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Movies, dining and things to do / Spokane and North Idaho

‘Valerian’: A question of casting

Another one of the summer blockbusters opened last week, Luc Besson's "Valerian and the City of a Thousand Planets." I reviewed the film for Spokane Public Radio

It’s impossible to imagine some movies with a different cast of actors. Think of “Gone With the Wind” without Clark Gable as Rhett Butler. Or “Star Wars” without Harrison Ford as Han Solo. Or any of the “Pirates of the Caribbean” offerings, as tiring as they’ve become, without Johnny Depp doing his Keith Richards impersonation as Captain Jack Sparrow.

The same holds true for miscasting choices. Forget the ethnic-challenged cases posed by John Wayne playing Genghis Khan in “The Conqueror” or Mickey Rooney playing a stereotypical Japanese landlord – complete with buck teeth – in “Breakfast at Tiffany’s.” I’m talking about actors who were completely unsuitable for the roles they were hired to play. Tony Curtis as an English knight in “The Black Shield of Falworth,” for example. Or 5-feet-8-inch Tom Cruise (and I’m being generous here) as 6-feet-5-inch Jack Reacher.

You get the point. Now, consider Luc Besson, the fabulously successful French movie director whose films have more in common with Hollywood kitsch than anything vaguely European. Films such as “La Femme Nikita” and “The Fifth Element.” You’d think that Besson could get pretty much any actor he wanted to play in his films, particularly one that is – in certain respects, at least – as groundbreaking as is his adaptation of the graphic-novel series “Valerian and the City of a Thousand Planets.”

Why, then, did he decide to cast the moody, offbeat American actor Dane DeHaan as the title character in his film? It’s fairly clear why he cast Cara Delevingne as Valerian’s partner, Laureline. Models who evolve into actresses, as Delevingne is apparently in the process of doing, at least look good in closeups. But DeHaan? Not only should he avoid closeups, but he should avoid all roles that call for a young Harrison Ford. For all his Gen Y surliness, which made him perfect for Gore Verbinski’s “A Cure for Wellness,” a muscle-toned pretty boy DeHaan is not.

Not that he is the only thing wrong with Besson’s film. The director, who also wrote the screenplay and produced this mess, bears most the blame. His screenplay has DeHaan and Delevingne playing a pair of space cops tasked with recovering a mysterious object. In the process, they blunder into a plot that is tied to the genocide of a planet and most of its residents – emphasis on most.

But while much of the storyline is rendered in CGI effects that are amazing – and are likely even more amazing in 3D, if you decide to spend the extra money – those effects can’t cover up a couple of facts: one, that the story is derivative; and, two, it’s told in a manner that interrupts a series of near-indecipherable action sequences with ongoing, overtly clumsy attempts at making us believe that some sort of sexual tension exists between DeHaan and Delevingne.

Which even in a sci-fi movie, based on a French graphic-novel series that plays with both time and space, is too farfetched to believe. Having Captain Jack Sparrow step onto the scene would have been far more believable.

The test: ‘A Ghost Story’ — art or pretense?

Yeah, it's likely that most people will flock to "The Emoji Movie" when it opens on Friday. But the more interesting choice probably would be "A Ghost Story," which opens at AMC River Park Square and is attracting the kinds of positive reviews reserved for most films that premiere at the Sundance Film Festival and get purchased for wider release.

Written and directed by David Lowery, the film stars Rooney Mara and Casey Affleck.

Here is a sampling:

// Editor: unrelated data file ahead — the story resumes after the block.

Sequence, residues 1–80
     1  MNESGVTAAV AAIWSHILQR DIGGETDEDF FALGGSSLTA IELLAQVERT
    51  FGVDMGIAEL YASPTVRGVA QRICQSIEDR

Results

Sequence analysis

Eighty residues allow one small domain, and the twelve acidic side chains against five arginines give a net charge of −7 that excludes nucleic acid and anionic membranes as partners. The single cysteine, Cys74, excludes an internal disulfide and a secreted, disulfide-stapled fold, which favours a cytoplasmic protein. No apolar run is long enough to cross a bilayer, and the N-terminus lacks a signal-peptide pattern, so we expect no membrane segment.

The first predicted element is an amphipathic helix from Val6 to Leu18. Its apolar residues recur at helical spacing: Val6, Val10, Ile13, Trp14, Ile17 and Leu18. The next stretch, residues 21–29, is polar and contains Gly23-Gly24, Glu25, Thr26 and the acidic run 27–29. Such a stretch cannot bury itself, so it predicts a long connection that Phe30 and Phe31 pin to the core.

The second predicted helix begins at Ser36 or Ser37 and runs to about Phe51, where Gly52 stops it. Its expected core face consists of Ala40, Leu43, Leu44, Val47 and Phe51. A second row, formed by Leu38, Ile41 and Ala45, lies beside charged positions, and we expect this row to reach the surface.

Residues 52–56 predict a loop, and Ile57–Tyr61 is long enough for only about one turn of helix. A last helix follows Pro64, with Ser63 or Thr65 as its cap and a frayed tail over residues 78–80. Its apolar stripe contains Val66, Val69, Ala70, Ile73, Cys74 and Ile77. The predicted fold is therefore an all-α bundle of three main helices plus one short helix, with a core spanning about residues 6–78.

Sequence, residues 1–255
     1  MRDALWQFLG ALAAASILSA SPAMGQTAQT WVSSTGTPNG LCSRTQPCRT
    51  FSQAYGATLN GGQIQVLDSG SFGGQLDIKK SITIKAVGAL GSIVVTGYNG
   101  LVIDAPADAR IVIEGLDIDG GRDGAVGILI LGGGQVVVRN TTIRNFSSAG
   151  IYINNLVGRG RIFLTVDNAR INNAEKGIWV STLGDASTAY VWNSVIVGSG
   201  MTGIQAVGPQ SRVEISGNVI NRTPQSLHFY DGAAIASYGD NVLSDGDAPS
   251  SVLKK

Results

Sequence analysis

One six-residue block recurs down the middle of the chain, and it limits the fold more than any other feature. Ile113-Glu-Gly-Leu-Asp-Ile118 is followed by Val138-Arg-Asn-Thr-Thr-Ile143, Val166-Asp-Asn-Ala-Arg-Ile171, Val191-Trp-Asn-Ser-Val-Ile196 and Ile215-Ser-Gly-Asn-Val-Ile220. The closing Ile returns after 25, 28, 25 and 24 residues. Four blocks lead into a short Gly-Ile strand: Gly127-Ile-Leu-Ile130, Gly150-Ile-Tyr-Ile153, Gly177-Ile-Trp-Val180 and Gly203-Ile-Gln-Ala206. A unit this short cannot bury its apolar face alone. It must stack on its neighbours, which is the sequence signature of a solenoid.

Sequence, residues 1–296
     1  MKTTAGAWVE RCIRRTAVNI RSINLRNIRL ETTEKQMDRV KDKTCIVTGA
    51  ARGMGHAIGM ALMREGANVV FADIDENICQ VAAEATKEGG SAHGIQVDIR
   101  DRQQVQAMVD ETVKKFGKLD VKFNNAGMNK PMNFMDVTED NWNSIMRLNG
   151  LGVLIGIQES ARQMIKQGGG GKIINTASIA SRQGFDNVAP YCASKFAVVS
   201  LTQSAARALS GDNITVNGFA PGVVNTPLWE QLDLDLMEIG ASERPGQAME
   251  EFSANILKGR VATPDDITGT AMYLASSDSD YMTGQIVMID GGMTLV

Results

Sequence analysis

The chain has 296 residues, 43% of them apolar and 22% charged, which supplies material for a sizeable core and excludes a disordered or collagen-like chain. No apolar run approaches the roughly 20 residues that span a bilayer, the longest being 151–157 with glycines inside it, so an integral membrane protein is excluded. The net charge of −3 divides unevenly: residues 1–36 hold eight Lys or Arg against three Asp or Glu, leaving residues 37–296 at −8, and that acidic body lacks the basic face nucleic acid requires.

Dave McGinn, The Globe and Mail: "If you’ve ever loved anyone or anything, 'A Ghost Story' is going to break your heart. It is devastating – and devastatingly good."

A.O. Scott, The New York Times: "Starting with a quote from Virginia Woolf, it wears its literary pedigree on its sleeve, yet it manages to feel fresh and inventive rather than stale or studied. It’s like an old tale by Saki or Henry James read for the first time: hair-raising and clever, a tour de force of sensation and a triumph of craft."

Michael O'Sullivan, Washington Post: "Lowery pushes the tropes of the haunted house film past the breaking point, creating something that is entirely original — and oddly, if not profoundly unsettling."

Considering mainstream tastes, though, one critic in particular puts the film in its proper perspective with an age-old observation:

Bill Goodykoontz, Arizona Republic: " 'A Ghost Story' may be the ultimate litmus test of where you fall on the line between artistic merit and laughable pretension." (To be fair, Goodykoontz goes on to argue in the film's favor.)

Can't wait to find out for myself.

Friday’s openings: Spies, spooks and talking emojis

Looks like blonds, emoticons and ghostly spirits are on the movie menu for Friday. Here's what we expect to open in local theaters:

"Atomic Blonde": Charlize Theron brings the graphic-novel character to life in a scenario that has her battling to discover who is killing her fellow MI6 spies. #notjamesbond (And maybe that's a good thing.)

"The Emoji Movie": Here's the IMDB description: "Gene, a multi-expressional emoji, sets out on a journey to become a normal emoji." Well, they've made a couple of hit movies about Legos, so …

"A Ghost Story": This Sundance favorite features Rooney as a woman haunted by the specter of grief. Literally.

And at the Magic Lantern (along with a second-run opening of "Paris Can Wait"):

"Hare Krishna! The Mantra, the Movement and the Swami Who Started It All": Never has a title better described what the documentary film is about: a look at the life of Indian Swami Srila Prabhupada

Hawkins is what makes ‘Maudie’ special

The film "Maudie" opens today at the Magic Lantern. Following is the review of the film that I wrote for Spokane Public Radio:

Biographical films, almost by definition, fudge with reality. And it’s easy enough to understand why. Most of life is, let’s be honest, boring. Who really wants to see, say, Winston Churchill slurping down a bowl of soup as the residue stains his shirtfront? Wouldn’t we far rather see Churchill standing on the cliffs of Dover, shaking his fist at the German troops threatening British soldiers stranded on the beach at Dunkirk?